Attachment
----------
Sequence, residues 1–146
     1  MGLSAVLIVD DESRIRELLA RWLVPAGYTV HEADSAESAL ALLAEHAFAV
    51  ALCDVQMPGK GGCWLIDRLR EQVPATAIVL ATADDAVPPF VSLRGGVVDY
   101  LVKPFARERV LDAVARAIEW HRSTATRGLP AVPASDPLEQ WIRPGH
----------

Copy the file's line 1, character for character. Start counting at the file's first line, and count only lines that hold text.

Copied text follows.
Sequence, residues 1–146